A metallic, rather rough surface of a part made of titanium is first titanium pickled and then subjected to a vacuum with 10- millimeter mercury of an argon atmosphere. Subsequent ion etching removes any oxide layer whereby, however, the titanium substrate is heated up to 350 to 400 C. Next, the pressure in the process chamber is lowered to 10- mm. Hg, and now purest titanium is evaporated until a strata thickness of about 200 nanometers on the titanium surface has been obtained. Purest titanium has 0.1% or less impurities. The titanium is preferably deposited under utilization of an electron beam 11. Next, nickel is evaporated to obtain a nickel layer on the pure titanium layer at about nanometer thickness, followed by depositing a copper layer of about 200 to 250 nanometer thickness. Preferably, the method is carried out by gradually switching from nickel to copper in the evaporation, so that a nickel-copper strata results as a transitional layer between nickel and copper proper. Finally, silver is evaporated onto the copper. Again, it is preferred to provide for a gradual transition from copper to silver, to obtain a mixed copper-silver layer in the boundary region as between pure copper and pure silver strata.

The layer dimensions mentioned above assume a rather coarse titanium substrate surface, such as resulting from cutting. However, the titanium surface may be finished first in which case the several layers as evaporated may well be made thinner.

It was found that the silver coating so produced has very high adhesive strength. This property is deemed to result from the providing of a very pure titanium layer as intermediate strata. Other intermediate layers did not produce this result. Apparently, the titanium layer as evaporated provides for a largely undisturbed crystal lattice configuration, and nickel adheres very well to that kind of layer structure. The other layers adhere to each other without difliculties.

The invention is not limited to the embodiments described above but all changes and modifications thereof not constituting departures from the spirit and scope of the invention are intended to be included.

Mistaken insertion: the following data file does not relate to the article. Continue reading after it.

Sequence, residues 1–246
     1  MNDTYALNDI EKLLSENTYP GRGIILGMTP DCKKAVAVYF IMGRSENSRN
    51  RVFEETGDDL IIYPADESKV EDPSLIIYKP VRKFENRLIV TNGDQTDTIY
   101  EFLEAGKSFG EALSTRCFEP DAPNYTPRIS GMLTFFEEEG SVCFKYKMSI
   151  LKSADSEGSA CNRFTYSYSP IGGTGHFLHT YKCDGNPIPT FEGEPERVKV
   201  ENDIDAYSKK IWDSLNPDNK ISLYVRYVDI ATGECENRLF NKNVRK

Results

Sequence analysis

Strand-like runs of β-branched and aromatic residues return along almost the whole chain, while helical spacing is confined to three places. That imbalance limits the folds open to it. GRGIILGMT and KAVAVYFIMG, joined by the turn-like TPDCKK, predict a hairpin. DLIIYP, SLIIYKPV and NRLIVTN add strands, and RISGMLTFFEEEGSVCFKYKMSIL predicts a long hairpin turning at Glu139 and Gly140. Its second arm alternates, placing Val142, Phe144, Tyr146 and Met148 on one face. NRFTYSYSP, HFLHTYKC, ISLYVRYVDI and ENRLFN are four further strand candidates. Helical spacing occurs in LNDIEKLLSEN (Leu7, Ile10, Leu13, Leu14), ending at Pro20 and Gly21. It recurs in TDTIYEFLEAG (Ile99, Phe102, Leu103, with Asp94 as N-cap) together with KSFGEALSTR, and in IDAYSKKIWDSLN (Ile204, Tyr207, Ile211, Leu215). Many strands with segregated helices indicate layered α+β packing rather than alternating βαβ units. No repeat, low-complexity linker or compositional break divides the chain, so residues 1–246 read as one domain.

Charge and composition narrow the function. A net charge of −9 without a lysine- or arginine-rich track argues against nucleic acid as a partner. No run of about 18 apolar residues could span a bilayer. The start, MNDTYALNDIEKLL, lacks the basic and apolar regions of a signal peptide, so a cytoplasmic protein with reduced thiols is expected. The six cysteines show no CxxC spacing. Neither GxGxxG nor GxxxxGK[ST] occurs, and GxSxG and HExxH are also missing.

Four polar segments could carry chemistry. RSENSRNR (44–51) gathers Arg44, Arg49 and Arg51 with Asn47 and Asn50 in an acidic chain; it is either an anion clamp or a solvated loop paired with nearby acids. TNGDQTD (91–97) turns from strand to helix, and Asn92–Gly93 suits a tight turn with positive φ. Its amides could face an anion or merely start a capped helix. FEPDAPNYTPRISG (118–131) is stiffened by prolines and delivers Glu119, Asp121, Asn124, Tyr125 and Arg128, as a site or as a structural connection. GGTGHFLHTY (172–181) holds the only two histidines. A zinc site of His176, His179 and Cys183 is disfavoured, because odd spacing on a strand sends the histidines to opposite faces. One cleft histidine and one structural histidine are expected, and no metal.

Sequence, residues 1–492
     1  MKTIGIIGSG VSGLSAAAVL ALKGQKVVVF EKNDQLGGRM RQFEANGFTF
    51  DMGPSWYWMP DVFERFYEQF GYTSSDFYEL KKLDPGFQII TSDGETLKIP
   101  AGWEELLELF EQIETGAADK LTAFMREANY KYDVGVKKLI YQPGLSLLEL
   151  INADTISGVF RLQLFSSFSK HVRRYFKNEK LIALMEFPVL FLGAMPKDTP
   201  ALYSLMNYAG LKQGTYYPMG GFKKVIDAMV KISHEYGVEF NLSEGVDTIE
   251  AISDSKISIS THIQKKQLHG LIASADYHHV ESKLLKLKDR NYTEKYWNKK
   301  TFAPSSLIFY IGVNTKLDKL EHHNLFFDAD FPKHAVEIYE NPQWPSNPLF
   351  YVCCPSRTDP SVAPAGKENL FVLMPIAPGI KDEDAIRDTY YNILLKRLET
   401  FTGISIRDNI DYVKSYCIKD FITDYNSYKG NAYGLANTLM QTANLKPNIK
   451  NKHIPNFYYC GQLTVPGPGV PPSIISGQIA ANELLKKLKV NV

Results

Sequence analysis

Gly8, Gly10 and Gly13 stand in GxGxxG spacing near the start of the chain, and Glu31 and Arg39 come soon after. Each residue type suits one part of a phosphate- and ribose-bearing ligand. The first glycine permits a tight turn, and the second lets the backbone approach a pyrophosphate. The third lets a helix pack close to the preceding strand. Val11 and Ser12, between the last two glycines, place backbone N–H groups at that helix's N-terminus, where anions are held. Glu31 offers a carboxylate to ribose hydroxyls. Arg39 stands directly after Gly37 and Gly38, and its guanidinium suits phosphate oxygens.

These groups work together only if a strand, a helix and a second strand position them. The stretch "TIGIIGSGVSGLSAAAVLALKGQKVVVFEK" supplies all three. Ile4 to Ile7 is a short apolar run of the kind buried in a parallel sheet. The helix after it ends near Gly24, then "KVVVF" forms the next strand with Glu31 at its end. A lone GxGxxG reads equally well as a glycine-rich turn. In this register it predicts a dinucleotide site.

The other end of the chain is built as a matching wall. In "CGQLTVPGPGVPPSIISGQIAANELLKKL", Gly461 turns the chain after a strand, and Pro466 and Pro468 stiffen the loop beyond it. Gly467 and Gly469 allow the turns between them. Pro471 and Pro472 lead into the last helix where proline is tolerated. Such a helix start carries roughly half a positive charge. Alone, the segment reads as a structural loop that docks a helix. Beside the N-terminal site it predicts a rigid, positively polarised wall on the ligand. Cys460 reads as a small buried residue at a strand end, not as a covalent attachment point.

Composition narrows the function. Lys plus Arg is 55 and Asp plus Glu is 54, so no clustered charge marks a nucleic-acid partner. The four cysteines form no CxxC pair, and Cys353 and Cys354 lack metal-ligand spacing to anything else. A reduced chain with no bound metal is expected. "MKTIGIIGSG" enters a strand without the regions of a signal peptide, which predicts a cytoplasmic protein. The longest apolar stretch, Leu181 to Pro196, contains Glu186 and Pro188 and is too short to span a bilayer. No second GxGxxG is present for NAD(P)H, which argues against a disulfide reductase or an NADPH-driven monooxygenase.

We claim:

1. Method of coating titanium or titanium alloys with a silver layer of high adhesive strength for adhesion to the titanium or titanium alloy surfaces as coated, comprising the steps of:

evaporating high purity titanium onto a titanium or titanium alloy surface; and

evaporating subsequently and in the following sequence:

nickel, copper and finally silver respectively for obtaining a nickel layer on the titanium layer as produced, a copper layer on the nickel layer and a silver layer on the copper layer.

2. Method as in claim 1, wherein the silver layer subate layers are provided at thickness in the range of about 100 to 300 nanometers.

3. Method as in claim 1, wherein the silver layer subsequently strengthed by additional galvanical silver plating.

References Cited UNITED STATES PATENTS 3,558,445 1/1971 Rix et a1. 29198 3,297,552 1/ 1967 Gisser et a1 204-46 3,268,306 8/1966 Ieflferys 29-198 3,074,829 1/ 1963 Novy et al 29l98 2,900,715 8/1959 Milnes 1l771 M 2,674,542 4/1954 Alexander 117-131 CHARLES E. VAN HORN, Primary Examiner M. W. BALL, Assistant Examiner U.S. Cl. X.R.

Referenced by
Citing PatentFiling datePublication dateApplicantTitle
US4407871 *Oct 8, 1981Oct 4, 1983Ex-Cell-O CorporationCorrosion resistant
US4431711 *Oct 8, 1981Feb 14, 1984Ex-Cell-O CorporationVacuum depositing non-conductive indium particles, and protective overcoating with resin
US4685210 *Mar 13, 1985Aug 11, 1987The Boeing CompanyMulti-layer circuit board bonding method utilizing noble metal coated surfaces
US4698271 *Dec 30, 1985Oct 6, 1987The United States Of America As Represented By The Department Of EnergyCopper-silver-titanium filler metal for direct brazing of structural ceramics
US5028495 *Jun 20, 1990Jul 2, 1991Sumitomo Special Metal Co., Ltd.For Joining Ceramics To Each Other Or To Metals Comprising A Titanium Core And Outer Layer Of Nickel Or A Nickel Alloy
US5126213 *May 17, 1988Jun 30, 1992The Secretary Of State For Defence In Her Britannic Majesty's Government Of The United Kingdom Of Great Britain And Northern IrelandCoated near-alpha titanium articles
EP0064289A2 *May 3, 1982Nov 10, 1982Medtronic, Inc.Body implantable lead
Classifications
U.S. Classification427/250, 428/680, 428/675, 428/926, 428/671, 428/673, 428/660, 428/938, 428/661
International ClassificationC23C14/02, C23C14/16
Cooperative ClassificationY10S428/938, Y10S428/926, C23C14/16, C23C14/025
European ClassificationC23C14/16, C23C14/02B2